Pictured here on April 13, 2011, Barataria Bay — part of Louisiana's Barataria Basin — was one of the hardest hit areas in the aftermath of the Deepwater Horizon oil rig explosion. Today, obvious signs of the spill have faded, but communities are still reeling from its effects. Mario Tama/Getty Images hide caption

itoggle caption Mario Tama/Getty Images

Members of the Vietnamese community listen in Kenner, La., as independent claims administrator Ken Feinberg and Louisiana Sen. Mary Landrieu conduct a town hall meeting for residents economically affected by the Deepwater Horizon oil spill. Gerald Herbert/AP hide caption

itoggle caption Gerald Herbert/AP

Aaron Hofer, 27, of Bayou La Batre, Ala., has been largely out of work since the BP oil spill. The Iraq veteran and fourth-generation shrimper says if it wasn't for his children, he probably would have already committed suicide. Debbie Elliott/NPR hide caption

itoggle caption Debbie Elliott/NPR

Homemaker Lena Hofer, 25, recently went to the community center in Bayou La Batre, Ala., for free food and household goods -- and was reluctantly turned away by volunteers when Feed the Children ran out of supplies. "It's really hard when they send you away after you [ask for food], especially when you need it like I do," she says. "I'm about to cry." Marisa Penaloza/NPR hide caption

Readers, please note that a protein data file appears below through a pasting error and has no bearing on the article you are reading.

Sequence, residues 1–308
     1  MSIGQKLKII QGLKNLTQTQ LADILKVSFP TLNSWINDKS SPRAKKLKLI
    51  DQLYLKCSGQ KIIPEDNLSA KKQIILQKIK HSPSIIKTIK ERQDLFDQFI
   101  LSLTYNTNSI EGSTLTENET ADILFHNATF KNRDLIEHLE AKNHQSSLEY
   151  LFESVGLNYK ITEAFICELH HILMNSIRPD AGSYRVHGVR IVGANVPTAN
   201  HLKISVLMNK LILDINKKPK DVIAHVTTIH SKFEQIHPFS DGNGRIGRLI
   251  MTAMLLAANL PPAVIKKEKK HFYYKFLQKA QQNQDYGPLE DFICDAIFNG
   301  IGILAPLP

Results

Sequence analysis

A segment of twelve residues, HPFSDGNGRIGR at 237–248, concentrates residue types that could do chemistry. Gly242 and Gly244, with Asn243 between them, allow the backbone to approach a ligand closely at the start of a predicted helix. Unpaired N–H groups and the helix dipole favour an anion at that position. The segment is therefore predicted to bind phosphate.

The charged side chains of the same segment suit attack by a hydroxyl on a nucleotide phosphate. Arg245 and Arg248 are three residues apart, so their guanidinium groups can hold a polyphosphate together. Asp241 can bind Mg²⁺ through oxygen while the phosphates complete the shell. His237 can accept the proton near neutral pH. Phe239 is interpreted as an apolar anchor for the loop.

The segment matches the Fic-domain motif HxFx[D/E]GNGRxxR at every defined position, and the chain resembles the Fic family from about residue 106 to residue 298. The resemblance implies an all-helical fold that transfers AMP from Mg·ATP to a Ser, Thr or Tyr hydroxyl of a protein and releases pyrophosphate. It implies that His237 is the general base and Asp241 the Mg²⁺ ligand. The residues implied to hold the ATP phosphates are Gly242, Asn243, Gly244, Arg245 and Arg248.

itoggle caption Marisa Penaloza/NPR

Bayou Bienvenue in New Orleans is an example of south Louisiana’s wetland loss. Fifty years ago, this was a productive freshwater marsh with cypress and tupelo trees. Today, stumps are all that remain, as saltwater has encroached inland. Debbie Elliot/NPR hide caption

itoggle caption Debbie Elliot/NPR

David Chauvin Jr. lowers the oil boom while testing out the rigging. Matt Stamey/The Houma Courier hide caption

itoggle caption Matt Stamey/The Houma Courier